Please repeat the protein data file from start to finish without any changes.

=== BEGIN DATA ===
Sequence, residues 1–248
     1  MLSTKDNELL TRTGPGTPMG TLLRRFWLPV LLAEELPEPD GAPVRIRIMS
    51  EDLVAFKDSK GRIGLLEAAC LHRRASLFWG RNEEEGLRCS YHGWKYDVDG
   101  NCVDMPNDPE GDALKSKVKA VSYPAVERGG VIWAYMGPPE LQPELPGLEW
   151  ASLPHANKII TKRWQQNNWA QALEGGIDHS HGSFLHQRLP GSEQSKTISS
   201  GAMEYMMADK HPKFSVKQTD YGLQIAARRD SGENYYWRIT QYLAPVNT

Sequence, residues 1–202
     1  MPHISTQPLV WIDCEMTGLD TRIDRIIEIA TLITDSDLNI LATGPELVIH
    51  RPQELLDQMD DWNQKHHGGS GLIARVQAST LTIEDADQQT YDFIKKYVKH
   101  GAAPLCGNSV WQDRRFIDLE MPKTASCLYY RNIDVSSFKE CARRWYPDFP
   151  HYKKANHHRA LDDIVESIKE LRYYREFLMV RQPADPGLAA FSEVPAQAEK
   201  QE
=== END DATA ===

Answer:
Sequence, residues 1–248
     1  MLSTKDNELL TRTGPGTPMG TLLRRFWLPV LLAEELPEPD GAPVRIRIMS
    51  EDLVAFKDSK GRIGLLEAAC LHRRASLFWG RNEEEGLRCS YHGWKYDVDG
   101  NCVDMPNDPE GDALKSKVKA VSYPAVERGG VIWAYMGPPE LQPELPGLEW
   151  ASLPHANKII TKRWQQNNWA QALEGGIDHS HGSFLHQRLP GSEQSKTISS
   201  GAMEYMMADK HPKFSVKQTD YGLQIAARRD SGENYYWRIT QYLAPVNT

Sequence, residues 1–202
     1  MPHISTQPLV WIDCEMTGLD TRIDRIIEIA TLITDSDLNI LATGPELVIH
    51  RPQELLDQMD DWNQKHHGGS GLIARVQAST LTIEDADQQT YDFIKKYVKH
   101  GAAPLCGNSV WQDRRFIDLE MPKTASCLYY RNIDVSSFKE CARRWYPDFP
   151  HYKKANHHRA LDDIVESIKE LRYYREFLMV RQPADPGLAA FSEVPAQAEK
   201  QE